LEARNING TO SEE #13: Eyes on the Wrong Prize

Today, I am slowly transferring my ‘selling’ space from Etsy (since 2008!) to my FASO website at LuannUdell.com.

It will take a while, and I won’t completely give up my Etsy site. I may keep it for my less-expensive work, destash items, discontinued items, etc.

But the insight that a more unified-approach to selling my work online is long overdue.

Part of it comes from a newsletter this week from Clint Watson, owner/developer of the website hosting company Fine Art Studios Online, which also (ta-da!) hosts Fine Art Views, the online art marketing newsletter I’ve written for since 2011. In the article, Clint pleads for artists not to send him off-site when he wants to purchase their work.

So, insight from a long-time artist/gallery owner who now works to maximize artists’ sales and connection with their audience. I’ll take it!

But something else opened my eyes today, too. This is hard to share….

I’ve been distracted my entire career by false measures of my success in the world.

Like everybody else, I believe my work and story to be unique to ME. And being the center of my own universe, I think it’s the best in the world. Not bragging. Just human nature. (Okay, a lot of us swing from “I’m the best!” to “I suck!” We should form a club. It would be huge.)

Oh, I’ve got a humble side, too. I can see every error, every misstep along the way. Sometimes they’re so obvious in hindsight, I cringe. (See what I mean about the swing part?)

And yet I also know the power of my work, how strongly my customers connect to it, and how it has not only widened, but deepened my own life in so many ways. Even the work that now seems not-up-to-snuff had passionate collectors, people who even today beg me to replace/restore/replace a treasured piece they love.

And like everyone else, I want those awards, prizes, (and M*O*N*E*Y that comes with those prizes), the proof that I am who I say I am, that I’m as good as I like to think I am. I want the publicity that comes with those awards, too.

The latest is the Etsy Design Awards, which applications are being accepted for now.

Unfortunately, such honors have been few and far between, and none of them really affected my sales or popularity. And in hindsight, I can see why not.

My work is out of the box. I barely fit into even a ‘mixed-media’ category for shows, exhibits, etc. let alone more specialized ones.

Although my entire body of work is connected with a powerful story, stories aren’t often a factor in selection. (The Etsy one does, but just wait…) Even after 30 years of making, I still recognize the awe–and confusion–many first-time visitors experience when they see my work. “What is this made of?? Is it real ivory?” (The most frequent comment is, “It’s absolutely beautiful, and I have no idea what I’m looking at…”)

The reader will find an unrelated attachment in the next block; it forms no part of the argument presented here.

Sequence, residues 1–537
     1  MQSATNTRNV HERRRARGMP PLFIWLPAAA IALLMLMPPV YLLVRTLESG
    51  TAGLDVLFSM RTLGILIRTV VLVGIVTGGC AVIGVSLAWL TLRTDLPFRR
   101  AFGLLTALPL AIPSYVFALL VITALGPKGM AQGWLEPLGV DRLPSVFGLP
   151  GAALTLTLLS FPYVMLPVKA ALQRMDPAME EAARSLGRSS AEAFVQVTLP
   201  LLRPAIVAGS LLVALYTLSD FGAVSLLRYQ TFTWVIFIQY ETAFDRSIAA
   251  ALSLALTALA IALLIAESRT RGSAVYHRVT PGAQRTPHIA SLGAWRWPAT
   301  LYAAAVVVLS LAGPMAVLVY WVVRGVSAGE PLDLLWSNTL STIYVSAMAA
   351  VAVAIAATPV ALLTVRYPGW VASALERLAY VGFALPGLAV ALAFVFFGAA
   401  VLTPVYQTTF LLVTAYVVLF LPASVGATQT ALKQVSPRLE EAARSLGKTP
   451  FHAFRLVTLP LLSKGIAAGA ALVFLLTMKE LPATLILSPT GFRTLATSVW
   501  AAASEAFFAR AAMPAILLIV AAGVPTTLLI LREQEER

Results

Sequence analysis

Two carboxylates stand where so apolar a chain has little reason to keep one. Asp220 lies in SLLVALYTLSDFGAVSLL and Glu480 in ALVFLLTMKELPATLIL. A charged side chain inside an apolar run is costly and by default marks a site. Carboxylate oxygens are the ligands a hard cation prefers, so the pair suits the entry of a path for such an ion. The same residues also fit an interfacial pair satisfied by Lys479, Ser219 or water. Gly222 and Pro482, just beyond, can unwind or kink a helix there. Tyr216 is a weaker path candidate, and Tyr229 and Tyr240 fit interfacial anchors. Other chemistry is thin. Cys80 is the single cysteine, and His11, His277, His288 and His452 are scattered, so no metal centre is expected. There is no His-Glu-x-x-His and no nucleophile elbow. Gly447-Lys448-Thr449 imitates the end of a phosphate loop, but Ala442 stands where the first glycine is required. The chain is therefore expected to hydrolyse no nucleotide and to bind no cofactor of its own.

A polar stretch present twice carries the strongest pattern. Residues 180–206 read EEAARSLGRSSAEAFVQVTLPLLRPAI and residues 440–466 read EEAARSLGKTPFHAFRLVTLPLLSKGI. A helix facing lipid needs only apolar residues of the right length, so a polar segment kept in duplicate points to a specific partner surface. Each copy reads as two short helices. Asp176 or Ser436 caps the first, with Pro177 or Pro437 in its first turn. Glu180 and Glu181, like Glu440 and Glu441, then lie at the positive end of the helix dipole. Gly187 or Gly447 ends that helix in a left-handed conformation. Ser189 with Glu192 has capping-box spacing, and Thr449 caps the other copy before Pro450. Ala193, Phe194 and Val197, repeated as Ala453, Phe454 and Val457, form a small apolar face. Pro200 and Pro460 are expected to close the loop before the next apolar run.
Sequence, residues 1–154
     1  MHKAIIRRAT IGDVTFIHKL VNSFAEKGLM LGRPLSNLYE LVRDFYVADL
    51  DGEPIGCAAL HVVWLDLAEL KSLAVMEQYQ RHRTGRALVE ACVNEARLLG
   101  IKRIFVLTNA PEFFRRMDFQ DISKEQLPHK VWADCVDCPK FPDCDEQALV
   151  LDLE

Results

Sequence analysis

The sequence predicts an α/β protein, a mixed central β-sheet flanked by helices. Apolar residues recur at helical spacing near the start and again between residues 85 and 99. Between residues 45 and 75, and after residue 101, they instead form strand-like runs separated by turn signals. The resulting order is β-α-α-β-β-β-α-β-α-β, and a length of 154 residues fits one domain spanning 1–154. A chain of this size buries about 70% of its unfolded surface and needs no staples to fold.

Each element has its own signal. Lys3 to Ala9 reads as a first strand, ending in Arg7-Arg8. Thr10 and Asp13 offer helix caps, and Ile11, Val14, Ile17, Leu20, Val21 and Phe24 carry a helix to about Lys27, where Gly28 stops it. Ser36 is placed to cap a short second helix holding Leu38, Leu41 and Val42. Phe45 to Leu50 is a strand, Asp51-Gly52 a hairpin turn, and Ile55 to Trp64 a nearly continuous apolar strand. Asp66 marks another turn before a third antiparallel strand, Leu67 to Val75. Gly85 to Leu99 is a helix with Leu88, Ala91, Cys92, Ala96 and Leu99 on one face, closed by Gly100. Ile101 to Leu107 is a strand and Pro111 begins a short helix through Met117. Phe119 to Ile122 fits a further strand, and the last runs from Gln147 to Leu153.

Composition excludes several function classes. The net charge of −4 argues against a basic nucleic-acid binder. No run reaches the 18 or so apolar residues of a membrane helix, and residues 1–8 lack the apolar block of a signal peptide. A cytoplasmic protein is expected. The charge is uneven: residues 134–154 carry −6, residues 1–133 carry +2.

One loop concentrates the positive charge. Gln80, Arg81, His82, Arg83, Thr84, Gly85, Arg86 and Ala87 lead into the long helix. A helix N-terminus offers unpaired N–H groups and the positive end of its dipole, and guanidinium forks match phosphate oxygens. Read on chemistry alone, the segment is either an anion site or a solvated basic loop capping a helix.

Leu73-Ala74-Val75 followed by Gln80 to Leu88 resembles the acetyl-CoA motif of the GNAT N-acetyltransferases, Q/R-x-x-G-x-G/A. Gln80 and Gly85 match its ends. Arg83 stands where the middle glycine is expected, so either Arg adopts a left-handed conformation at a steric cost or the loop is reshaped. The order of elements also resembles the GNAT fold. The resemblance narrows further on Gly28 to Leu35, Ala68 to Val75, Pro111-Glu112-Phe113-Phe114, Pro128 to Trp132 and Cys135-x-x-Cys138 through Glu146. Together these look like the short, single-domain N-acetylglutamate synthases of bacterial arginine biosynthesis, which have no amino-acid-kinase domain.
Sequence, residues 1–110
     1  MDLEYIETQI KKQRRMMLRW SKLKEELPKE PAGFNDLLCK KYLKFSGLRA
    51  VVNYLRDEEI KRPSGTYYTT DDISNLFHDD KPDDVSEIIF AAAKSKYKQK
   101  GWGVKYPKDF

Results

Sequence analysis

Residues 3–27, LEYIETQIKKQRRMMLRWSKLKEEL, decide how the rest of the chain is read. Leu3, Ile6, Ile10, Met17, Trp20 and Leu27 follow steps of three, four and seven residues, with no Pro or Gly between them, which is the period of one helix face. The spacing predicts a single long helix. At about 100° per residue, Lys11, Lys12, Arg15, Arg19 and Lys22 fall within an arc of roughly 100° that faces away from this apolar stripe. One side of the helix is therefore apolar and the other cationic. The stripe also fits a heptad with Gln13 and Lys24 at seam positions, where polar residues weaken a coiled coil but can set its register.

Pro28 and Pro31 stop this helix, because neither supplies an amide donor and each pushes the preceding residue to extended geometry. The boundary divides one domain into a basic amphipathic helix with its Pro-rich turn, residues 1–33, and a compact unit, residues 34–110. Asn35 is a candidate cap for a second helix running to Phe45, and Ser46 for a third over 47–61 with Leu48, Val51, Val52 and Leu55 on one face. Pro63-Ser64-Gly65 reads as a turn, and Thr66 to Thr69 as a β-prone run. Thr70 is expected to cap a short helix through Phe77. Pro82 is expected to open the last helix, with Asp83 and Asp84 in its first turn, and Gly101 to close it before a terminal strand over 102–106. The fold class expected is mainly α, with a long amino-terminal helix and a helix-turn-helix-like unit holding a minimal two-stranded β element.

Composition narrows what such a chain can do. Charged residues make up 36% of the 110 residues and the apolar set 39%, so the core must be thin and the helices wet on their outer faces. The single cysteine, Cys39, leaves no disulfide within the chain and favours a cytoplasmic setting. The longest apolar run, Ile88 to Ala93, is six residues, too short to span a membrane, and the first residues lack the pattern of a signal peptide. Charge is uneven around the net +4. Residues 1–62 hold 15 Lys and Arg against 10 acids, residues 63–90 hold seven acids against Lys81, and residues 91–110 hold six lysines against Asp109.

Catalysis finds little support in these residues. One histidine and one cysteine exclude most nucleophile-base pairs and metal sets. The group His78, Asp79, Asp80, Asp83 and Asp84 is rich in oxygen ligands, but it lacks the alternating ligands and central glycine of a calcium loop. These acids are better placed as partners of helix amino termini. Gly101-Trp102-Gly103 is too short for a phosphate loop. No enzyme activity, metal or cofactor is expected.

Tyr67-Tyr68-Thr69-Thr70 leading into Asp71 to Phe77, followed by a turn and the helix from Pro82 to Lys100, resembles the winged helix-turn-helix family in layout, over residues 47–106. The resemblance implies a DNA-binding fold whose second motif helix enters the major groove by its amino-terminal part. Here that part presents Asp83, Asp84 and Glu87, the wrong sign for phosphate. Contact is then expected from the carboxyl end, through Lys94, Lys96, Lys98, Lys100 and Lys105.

Here’s the origin story that led to today’s insights:

For decades, the League of NH Craftsmen’s Annual Fair was half my annual income. Besides that, it’s a prestigious and respected fine crafts organization, one I’m proud to me a member of.

And every year at the Fair, I dreamed of being selected for the Best Booth Award.

Almost every year, I’d come this close to winning. Well, okay, not THAT close. But I was often listed as a runner-up or also-ran.

I had a beautiful booth, and some of the judges would tell me later that they were appalled I hadn’t won. It helped, but I constantly wondered why I couldn’t nail it.

Until finally, years later, I realized I was shooting for the wrong star. Eyes on the wrong prize.

Holy cow! What do I care if my booth isn’t the prettiest?? That is NOT why I make the work I do.

Yes, I strive to display my work to its best. I work hard to have a professional booth at shows. I work hard at every professional aspect of my art biz, as a matter of fact, from process, to display, to marketing, to customer care.

And yet, somehow I landed on “best booth” as a measure of my worth?!

We all can fall victim to some imagined “measure of success” that actually has nothing to do with our own definition of “success”.

Years ago, I talked with a talented, well-known fiber artist. We talked about goals, and they shared theirs with me: “I want to have my work represented in at least one gallery in every one of the 50 states!”

My first question was, “Why???”